When I heard I was placed in high school social studies, I always hoped I would be able to teach AP classes. Those were some of the most challenging classes I had in high school, and the lessons I learned in there were truely life lessons. My first year of AP classes taught me time mangement, scheduling, and more about the country I live in than any other class I have ever taken. I remember doing the prep work over the summer and pouring over the first 6 chapters of the AP US History text book. I remember getting that perfect 5 score back and celebrating. I remember that teacher(Mrs. Reilly) and how she pushed us.
But. Recently I started reading Lies My Teacher Told Me (B&N link) (wikipedia link) recently. Most of it I expected- a lot of history has been white-washed, women taken out of it, and anything else that wasn’t a White European Descendant was basically taken out. Some thing I think he argues are just semantics. (Like who the US “bought” the LA purchase from. He claims that ‘we’ just bought the “claim” to the land, but continued buying the land through out the century by paying the Native Americans. And we couldn’t buy the land from the French, and do so without knowing that they didn’t really own it. I think ‘we’ did and could. Arrogance is an amazing thing in white people [Disclaimer- I'm white].)
But much of what he brings up is supposedly well documented. I use “supposedly” because I am reading this on a Nook e-reader, and don’t often flip to the back to read his citations, just to keep reading. I am assuming they are backed up.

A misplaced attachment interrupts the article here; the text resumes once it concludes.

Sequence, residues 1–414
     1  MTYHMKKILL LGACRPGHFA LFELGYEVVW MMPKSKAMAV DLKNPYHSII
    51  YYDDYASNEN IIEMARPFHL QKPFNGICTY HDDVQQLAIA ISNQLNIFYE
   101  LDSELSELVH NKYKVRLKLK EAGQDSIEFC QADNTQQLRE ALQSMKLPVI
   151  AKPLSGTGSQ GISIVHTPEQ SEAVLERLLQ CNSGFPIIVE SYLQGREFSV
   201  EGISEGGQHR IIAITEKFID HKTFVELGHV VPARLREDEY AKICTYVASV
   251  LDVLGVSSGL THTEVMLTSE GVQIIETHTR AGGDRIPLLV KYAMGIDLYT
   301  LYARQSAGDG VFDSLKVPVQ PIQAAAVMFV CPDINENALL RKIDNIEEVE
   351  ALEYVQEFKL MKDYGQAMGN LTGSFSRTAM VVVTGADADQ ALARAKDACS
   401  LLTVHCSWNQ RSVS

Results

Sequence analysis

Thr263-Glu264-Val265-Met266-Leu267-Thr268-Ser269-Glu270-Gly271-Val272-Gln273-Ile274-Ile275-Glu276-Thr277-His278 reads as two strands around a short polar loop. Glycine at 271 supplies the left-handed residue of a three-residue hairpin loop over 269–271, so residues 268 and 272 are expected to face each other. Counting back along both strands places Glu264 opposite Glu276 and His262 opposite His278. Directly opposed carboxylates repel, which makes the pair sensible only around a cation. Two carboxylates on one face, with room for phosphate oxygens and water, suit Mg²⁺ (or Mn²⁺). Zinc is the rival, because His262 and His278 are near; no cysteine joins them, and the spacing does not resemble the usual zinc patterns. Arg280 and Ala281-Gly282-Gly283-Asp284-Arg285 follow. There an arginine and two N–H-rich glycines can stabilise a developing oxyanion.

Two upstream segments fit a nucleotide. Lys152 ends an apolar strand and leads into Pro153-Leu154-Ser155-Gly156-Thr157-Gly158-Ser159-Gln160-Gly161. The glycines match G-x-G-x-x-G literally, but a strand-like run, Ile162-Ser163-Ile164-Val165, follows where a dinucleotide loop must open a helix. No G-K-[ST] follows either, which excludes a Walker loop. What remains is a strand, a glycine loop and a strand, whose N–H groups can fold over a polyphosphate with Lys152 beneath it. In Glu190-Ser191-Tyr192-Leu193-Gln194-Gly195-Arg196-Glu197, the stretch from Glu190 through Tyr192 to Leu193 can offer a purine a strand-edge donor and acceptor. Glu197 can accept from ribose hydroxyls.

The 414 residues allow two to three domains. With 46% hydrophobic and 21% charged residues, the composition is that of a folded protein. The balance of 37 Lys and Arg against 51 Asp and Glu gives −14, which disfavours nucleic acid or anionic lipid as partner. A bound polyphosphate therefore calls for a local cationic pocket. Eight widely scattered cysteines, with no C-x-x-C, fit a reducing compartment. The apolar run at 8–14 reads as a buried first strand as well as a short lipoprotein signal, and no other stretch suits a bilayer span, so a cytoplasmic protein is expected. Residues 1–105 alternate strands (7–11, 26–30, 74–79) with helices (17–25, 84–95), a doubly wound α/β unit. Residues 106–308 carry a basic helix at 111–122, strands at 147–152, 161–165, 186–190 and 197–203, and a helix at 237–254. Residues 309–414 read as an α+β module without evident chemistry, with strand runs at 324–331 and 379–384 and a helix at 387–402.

This book has reinforced my desire to bring my feminism and empowerment into my classroom. I want to help my students discover their own abilities. I want to empower them. I want them to learn the real history of the US/world/government. I don’t want them to think that they aren’t a part of it in any meaningful way just because they happen to have been born into what is considered a minority in the US.
This brings me to the conflict and decision I will have to make. Especially if I have to teach an AP class, possibly less if I do not teach AP, but rather just “normal” history (I don’t know if FL has a social studies comprehensive exam yet- they keep adding them). Do I teach them what they need to pass the test to the best of their ability, knowing that what I am teaching them is false and could potentially de-motivate them? But this could allow them to pay less in college, if they pass the exam. Or do I teach them the different history of the world that our white-male-protestant-textbook writers/majority influence people but is potentially more True? But could hinder their ability to pass the exam?
I don’t have to make this decision yet, and I might not ever have to. But the thought is in my brain. So I reach out to all the other teachers who have ever been in my position in any subject, or any future teachers who can see the same conflict arising, with a simple question: What did you do?